Mumbai, Nov.29 : Guests who were regular visitors to Mumbai's upscale Taj Mahal Palace hotel have praised the staff of the hotel for saving the lives of hundreds of wealthy guests as heavily armed gunmen roamed the building, firing indiscriminately, leaving a trail of corpses behind them.
Some sacrificed their own lives in the process, The Times quoted witnesses, as saying.
Prashant Mangeshikar, a guest, said that a hotel worker, identified only as Rajan, had put himself between one of the gunmen and Mr. Mangeshikar, his wife and two daughters.
"The man in front of my wife shielded us. He was a maintenance section staff member. He took the bullets," Mangeshikar said.
" For the next 12 hours, before Mr. Rajan was finally taken out of the hotel, guests battled to stop the bleeding from a gaping bullet wound in his abdomen. It is not known if he lived," he added. The Taj Mahal had been renowned for its sublime service for decades. Few of the hotel's wealthy patrons would have predicted, however, that the men and women who delivered their meals and carried their bags - people earning a fraction of the sums of those they served - would display such courage and composure as the death toll quickly rose around them.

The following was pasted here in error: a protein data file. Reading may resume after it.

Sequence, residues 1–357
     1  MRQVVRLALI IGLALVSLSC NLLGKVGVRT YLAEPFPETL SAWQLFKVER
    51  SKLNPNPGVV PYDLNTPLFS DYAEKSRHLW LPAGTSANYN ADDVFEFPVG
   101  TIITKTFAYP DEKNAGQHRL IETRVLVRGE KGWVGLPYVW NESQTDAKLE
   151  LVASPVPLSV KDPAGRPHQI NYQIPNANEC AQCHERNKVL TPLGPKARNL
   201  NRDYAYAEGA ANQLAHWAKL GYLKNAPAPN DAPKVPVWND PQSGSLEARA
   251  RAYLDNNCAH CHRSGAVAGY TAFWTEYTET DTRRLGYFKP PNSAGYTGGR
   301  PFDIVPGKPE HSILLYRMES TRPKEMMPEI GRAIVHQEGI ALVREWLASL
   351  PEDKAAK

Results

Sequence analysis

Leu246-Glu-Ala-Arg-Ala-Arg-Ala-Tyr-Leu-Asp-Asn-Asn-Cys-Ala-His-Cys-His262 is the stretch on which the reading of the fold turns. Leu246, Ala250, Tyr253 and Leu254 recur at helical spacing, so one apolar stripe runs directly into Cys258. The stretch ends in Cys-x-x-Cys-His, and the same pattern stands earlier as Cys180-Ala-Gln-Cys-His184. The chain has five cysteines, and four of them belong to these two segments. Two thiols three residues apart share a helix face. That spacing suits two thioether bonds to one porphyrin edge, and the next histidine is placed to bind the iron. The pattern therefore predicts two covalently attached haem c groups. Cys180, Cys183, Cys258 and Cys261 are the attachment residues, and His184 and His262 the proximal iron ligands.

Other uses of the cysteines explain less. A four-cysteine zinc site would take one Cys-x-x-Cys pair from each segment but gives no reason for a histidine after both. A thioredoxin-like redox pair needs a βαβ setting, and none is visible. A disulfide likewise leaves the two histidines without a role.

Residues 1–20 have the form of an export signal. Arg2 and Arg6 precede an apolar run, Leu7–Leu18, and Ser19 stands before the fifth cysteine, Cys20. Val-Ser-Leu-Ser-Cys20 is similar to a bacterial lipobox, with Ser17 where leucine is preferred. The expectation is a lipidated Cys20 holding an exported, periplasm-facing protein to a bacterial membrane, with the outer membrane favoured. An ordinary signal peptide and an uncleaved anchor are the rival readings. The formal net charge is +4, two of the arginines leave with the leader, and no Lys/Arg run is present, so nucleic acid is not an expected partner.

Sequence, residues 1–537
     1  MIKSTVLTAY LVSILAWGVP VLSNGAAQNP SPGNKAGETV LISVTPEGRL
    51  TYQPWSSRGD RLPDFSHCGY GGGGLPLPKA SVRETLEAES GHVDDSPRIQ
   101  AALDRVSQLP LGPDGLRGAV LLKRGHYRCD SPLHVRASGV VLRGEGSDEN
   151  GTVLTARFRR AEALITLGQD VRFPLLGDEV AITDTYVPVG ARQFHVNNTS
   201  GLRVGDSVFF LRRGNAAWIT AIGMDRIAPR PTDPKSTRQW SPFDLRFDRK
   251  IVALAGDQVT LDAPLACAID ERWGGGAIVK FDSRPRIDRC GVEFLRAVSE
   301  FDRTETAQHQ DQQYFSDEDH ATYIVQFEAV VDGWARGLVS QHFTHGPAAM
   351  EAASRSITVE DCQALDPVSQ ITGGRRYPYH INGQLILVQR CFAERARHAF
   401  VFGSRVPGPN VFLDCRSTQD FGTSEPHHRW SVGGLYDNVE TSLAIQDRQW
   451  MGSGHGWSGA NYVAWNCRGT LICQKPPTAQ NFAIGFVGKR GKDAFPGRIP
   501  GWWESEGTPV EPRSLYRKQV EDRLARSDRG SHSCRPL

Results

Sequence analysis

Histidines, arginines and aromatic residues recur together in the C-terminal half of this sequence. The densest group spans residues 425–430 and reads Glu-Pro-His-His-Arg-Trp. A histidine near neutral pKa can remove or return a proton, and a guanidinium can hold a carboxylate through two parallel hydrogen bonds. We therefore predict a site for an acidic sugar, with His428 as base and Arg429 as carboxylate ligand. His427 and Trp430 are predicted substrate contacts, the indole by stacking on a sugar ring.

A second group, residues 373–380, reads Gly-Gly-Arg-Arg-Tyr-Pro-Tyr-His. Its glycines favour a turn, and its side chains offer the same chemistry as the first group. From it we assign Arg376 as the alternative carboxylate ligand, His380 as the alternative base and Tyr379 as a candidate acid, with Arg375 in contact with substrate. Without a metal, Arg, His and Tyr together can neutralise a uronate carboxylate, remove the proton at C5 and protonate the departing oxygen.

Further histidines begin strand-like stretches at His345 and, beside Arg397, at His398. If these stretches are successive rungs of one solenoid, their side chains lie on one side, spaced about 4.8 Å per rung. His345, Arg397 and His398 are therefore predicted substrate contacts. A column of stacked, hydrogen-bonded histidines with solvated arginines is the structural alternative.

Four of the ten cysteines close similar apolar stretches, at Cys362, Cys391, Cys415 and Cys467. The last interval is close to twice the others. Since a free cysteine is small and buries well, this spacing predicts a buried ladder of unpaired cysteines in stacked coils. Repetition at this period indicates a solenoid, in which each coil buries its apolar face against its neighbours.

Dalbir Bains, a British businesswoman, was with friends beside the hotel pool when the first crackle of automatic gunfire was heard a short distance away.
"We heard shots and saw a man who'd just been shot. The terrorists were just behind us as we ran," she said.
She made her way upstairs to Sea Lounge, a cafe on the first floor of the hotel, where the guests were still unaware of the fast-approaching threat.
"Within seconds the staff had locked the doors, turned off the lights and told everybody to get on the floor," she said.
"They were fantastic. They saved lives," she said.
The guests also described the ferociousness of the gunmen.
"They were the kind of people with no remorse - anybody and whomsoever came in front of them they fired at," said a senior Marcos officer, clad in black, his face masked to protect his identity.
Parizaad Khan, 26, who sheltered there, said: "They (waiters) handed out blankets, drinks. Despite the chaos all around they didn't stop working for a second. They were amazingly calm."